Review of How to Explain Coding to a Grown-Up, by Ruth Spiro, illustrated by Teresa Martinez

How to Explain Coding to a Grown-Up

by Ruth Spiro
illustrated by Teresa Martinez

Charlesbridge, 2023. 32 pages.
Review written November 17, 2023, from a library book.
Starred Review

I love this title! It of course gives a clear and simple explanation of coding — because that’s what grown-ups need.

The pictures show an elementary school-aged kid and her grown-up. And the book explains that sometimes your grown-up may need your help understanding things. I love the Pro Tips sprinkled throughout. Here are some examples:

Pro Tip: When dealing with grown-ups, don’t jump into the complicated stuff too fast. Start with something they already know.

At that point, you’re explaining that many common objects in your home have computers inside them.

Pro Tip: Now may be a good time to check in with your grown-up. Ask if they have any questions before you move on.

That tip comes after showing what’s inside a computer, talking about what code is, and telling that programmers write the code.

Then to explain algorithms, you’re encouraged to take your grown-up for a walk in the park with healthy snacks, using an algorithm to decide whether to swing on the swings (depending on if one is available). With that example, the grown-up learns about conditionals and loops.

Then the book adds some more details such as debugging, and then it’s time to ask your grown-up questions.

Pro Tip: If your grown-up can explain it, that shows they understand it!

It all adds up to a basic explanation of coding that’s a lot of fun to read.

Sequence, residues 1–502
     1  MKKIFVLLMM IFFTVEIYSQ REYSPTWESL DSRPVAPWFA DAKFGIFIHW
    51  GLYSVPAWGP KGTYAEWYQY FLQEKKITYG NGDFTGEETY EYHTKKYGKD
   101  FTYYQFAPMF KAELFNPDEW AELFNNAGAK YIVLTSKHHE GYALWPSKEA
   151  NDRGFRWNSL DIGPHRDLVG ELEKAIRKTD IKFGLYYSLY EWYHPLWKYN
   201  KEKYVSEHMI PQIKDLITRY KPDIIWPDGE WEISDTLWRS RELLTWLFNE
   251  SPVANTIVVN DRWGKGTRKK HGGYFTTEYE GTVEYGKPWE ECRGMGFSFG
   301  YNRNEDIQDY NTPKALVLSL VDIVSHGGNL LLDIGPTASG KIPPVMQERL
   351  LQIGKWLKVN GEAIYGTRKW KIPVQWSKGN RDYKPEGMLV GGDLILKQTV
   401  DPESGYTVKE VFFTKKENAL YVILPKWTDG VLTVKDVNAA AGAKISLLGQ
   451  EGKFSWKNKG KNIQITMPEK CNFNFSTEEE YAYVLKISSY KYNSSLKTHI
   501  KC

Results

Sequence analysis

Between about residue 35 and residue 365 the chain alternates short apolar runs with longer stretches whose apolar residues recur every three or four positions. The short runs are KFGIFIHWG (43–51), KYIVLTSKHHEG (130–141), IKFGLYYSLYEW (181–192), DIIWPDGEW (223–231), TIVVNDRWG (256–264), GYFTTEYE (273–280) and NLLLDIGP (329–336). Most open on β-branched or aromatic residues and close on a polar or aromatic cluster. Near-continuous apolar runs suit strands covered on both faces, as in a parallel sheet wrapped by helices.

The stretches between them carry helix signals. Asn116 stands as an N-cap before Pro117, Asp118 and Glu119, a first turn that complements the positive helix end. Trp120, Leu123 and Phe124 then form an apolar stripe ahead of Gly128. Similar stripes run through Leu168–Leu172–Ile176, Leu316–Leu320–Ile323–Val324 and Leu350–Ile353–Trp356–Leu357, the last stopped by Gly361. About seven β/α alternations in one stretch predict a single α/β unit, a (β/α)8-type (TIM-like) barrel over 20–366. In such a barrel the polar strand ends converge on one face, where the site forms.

ruthspiro.com
charlesbridge.com

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Disclaimer: I am a professional librarian, but the views expressed are solely my own, and in no way represent the official views of my employer or of any committee or group of which I am part.

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Review of The Next New Syrian Girl, by Ream Shukairy

The Next New Syrian Girl

by Ream Shukairy

Little, Brown and Company, 2023. 409 pages.
Review written March 27, 2023, from a library book.
Starred Review
2023 Sonderbooks Stand-out: #10 More Teen Fiction

The Next New Syrian Girl beautiful interlaces the story of Khadija, a Syrian American girl about to graduate from high school, with Leene, a Syrian refugee girl the same age who has come to Detroit with her mother.

Khadija chafes under the control of her mother and finds relief at a local gym, where she learns to box, wearing her hijab. But when Khadija’s mother opens their home to Leene and her mother – and then holds Leene up as what a Syrian daughter should be like – Khadija isn’t pleased.

But as the girls get to know each other, they find each has something to learn from the other. Both girls are mourning the Syria they knew before war struck, but each had very different experiences.

I like the way Khadija wears a hijab but is not at all stereotypical. The characters read like distinctive individuals, so you feel like you’re getting to know real people when you read this book. A lot of the plot hinges on an enormous coincidence, but that coincidence means both girls are highly motivated to go to great lengths to make things right, so it did further the plot.

This debut stirred my heart and opened my eyes.

Reamshukairy.com
Lbyr.com
Thenovl.com

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Review of Rough Sleepers, by Tracy Kidder

Rough Sleepers

Dr. Jim O’Connell’s Urgent Mission to Bring Healing to Homeless People

by Tracy Kidder
read by the Author

Books on Tape, 2023. 8 hours, 42 minutes.
Review written January 3, 2024, from a library eaudiobook.
Starred Review
2023 Sonderbooks Stand-out: #6 More Nonfiction

I’ve read a few of Tracy Kidder’s in-depth biographies now: Among Schoolchildren, Strength in What Remains, and Mountains Beyond Mountains. Like those amazing books, this one takes a deep dive into a man who has given his life to helping people who need it.

In this case, we’re looking at Dr. Jim O’Connell, who got drafted into a program of providing medical care for the homeless in Boston after he’d finished his internship. His plan was to simply help out for a year, but the people there and the need pulled him in, and his work has gone on for decades.